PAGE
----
33. Kang KS, Lim CJ, Han TJ, Kim JC, Jin CD (1999) Changes in the isozyme composition of antioxidant enzymes in response to aminotriazole in leaves ofarabidopsis thaliana. J Plant Biol 42(3):187–193CrossRefGoogle Scholar
  34. Kant S, Kant P, Raveh E, Barak S (2006) Evidence that differential gene expression between the halophyte, Thellungiella halophila, and Arabidopsis thaliana is responsible for higher levels of the compatible osmolyte proline and tight control of Na+ uptake in T. halophila. Plant Cell Environ 29(7):1220–1234PubMedCrossRefGoogle Scholar
  35. Kartashov AV, Radyukina NL, Ivanov YV, Pashkovskii PP, Shevyakova NI, Kuznetsov VV (2008) Role of antioxidant systems in wild plant adaptation to salt stress. Russ J Plant Physiol 55(4):463CrossRefGoogle Scholar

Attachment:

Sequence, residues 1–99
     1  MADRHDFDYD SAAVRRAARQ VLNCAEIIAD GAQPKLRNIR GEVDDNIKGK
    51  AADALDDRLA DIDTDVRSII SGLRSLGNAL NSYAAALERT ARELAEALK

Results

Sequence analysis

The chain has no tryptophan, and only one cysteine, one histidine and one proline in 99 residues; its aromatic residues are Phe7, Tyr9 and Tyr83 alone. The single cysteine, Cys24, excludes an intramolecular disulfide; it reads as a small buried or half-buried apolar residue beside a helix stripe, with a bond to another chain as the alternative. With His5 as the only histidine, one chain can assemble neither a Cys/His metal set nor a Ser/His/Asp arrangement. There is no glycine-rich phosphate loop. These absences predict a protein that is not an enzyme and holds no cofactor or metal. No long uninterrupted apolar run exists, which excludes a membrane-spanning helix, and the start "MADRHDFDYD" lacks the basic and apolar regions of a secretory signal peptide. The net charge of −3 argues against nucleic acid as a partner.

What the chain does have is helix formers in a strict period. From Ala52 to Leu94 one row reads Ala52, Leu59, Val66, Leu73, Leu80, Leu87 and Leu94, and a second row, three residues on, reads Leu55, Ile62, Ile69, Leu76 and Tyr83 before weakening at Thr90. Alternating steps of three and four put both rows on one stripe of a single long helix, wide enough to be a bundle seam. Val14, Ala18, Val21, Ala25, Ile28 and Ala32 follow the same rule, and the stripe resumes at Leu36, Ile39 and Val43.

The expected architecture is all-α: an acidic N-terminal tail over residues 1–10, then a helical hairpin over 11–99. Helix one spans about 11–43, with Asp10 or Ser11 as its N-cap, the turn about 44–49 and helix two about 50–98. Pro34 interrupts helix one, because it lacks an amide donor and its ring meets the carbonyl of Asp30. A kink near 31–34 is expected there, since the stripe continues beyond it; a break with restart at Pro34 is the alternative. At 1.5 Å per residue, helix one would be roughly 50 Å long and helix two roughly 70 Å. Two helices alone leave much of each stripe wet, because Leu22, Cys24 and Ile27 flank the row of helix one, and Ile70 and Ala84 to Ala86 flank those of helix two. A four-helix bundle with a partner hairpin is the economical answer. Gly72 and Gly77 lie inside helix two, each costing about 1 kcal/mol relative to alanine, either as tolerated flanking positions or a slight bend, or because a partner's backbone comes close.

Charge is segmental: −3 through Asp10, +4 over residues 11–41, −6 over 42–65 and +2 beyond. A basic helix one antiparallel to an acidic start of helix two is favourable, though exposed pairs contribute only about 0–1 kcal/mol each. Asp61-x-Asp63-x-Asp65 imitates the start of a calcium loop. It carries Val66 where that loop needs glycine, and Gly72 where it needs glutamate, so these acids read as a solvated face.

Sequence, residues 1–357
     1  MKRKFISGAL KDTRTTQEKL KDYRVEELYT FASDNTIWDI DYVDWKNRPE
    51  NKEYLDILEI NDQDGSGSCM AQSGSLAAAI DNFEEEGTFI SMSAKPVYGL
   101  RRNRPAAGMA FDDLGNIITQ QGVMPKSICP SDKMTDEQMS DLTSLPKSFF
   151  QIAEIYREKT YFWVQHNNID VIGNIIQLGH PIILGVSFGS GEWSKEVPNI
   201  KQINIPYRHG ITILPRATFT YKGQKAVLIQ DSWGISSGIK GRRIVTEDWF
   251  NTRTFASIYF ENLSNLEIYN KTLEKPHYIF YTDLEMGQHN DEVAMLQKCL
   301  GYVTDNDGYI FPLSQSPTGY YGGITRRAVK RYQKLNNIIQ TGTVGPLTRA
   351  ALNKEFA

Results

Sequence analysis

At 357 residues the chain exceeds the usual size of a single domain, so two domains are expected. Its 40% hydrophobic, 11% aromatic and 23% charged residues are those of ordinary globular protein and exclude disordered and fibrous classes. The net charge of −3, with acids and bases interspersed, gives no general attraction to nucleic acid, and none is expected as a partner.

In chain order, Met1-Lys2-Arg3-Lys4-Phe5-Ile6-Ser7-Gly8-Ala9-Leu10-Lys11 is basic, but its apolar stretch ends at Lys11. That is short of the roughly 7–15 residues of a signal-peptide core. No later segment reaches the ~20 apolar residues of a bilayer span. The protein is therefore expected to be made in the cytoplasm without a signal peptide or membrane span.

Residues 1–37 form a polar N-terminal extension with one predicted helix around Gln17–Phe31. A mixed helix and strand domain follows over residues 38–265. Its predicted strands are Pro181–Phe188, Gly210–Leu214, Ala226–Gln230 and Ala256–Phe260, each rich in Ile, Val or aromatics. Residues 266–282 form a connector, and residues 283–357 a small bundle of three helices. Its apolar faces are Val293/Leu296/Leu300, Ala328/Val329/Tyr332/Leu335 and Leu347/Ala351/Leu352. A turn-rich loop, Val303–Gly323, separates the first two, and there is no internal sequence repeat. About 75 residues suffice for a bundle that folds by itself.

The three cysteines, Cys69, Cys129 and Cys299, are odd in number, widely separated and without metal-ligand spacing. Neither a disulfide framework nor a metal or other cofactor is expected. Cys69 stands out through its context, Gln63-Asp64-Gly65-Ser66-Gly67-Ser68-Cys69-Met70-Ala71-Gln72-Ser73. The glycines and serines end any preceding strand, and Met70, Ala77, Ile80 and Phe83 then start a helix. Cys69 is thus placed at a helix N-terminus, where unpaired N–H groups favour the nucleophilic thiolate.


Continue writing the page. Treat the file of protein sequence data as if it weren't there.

36. Krall JP, Edwards GE (1992) Relationship between photosystem II activity and CO2 fixation in leaves. Physiol Plant 86(1):180–187CrossRefGoogle Scholar
  37. Krause GH, Foyer CH, Mullineaux PM (1994) The role of oxygen in photoinhibition of photosynthesis. In: Causes of photooxidative stress and amelioration of defense systems in plants. CRC Press, Boca Raton, pp 43–76Google Scholar
  38. Kwon SY, Jeong YJ, Lee HS, Kim JS, Cho KY, Allen RD, Kwak SS (2002) Enhanced tolerances of transgenic tobacco plants expressing both superoxide dismutase and ascorbate peroxidase in chloroplasts against methyl viologen-mediated oxidative stress. Plant Cell Environ 25(7):873–882CrossRefGoogle Scholar
  39. Leymarie J, Vitkauskaité G, Hoang HH, Gendreau E, Chazoule V, Meimoun P, Bailly C (2012) Role of reactive oxygen species in the regulation of Arabidopsis seed dormancy. Plant Cell Physiol 53(1):96–106PubMedCrossRefGoogle Scholar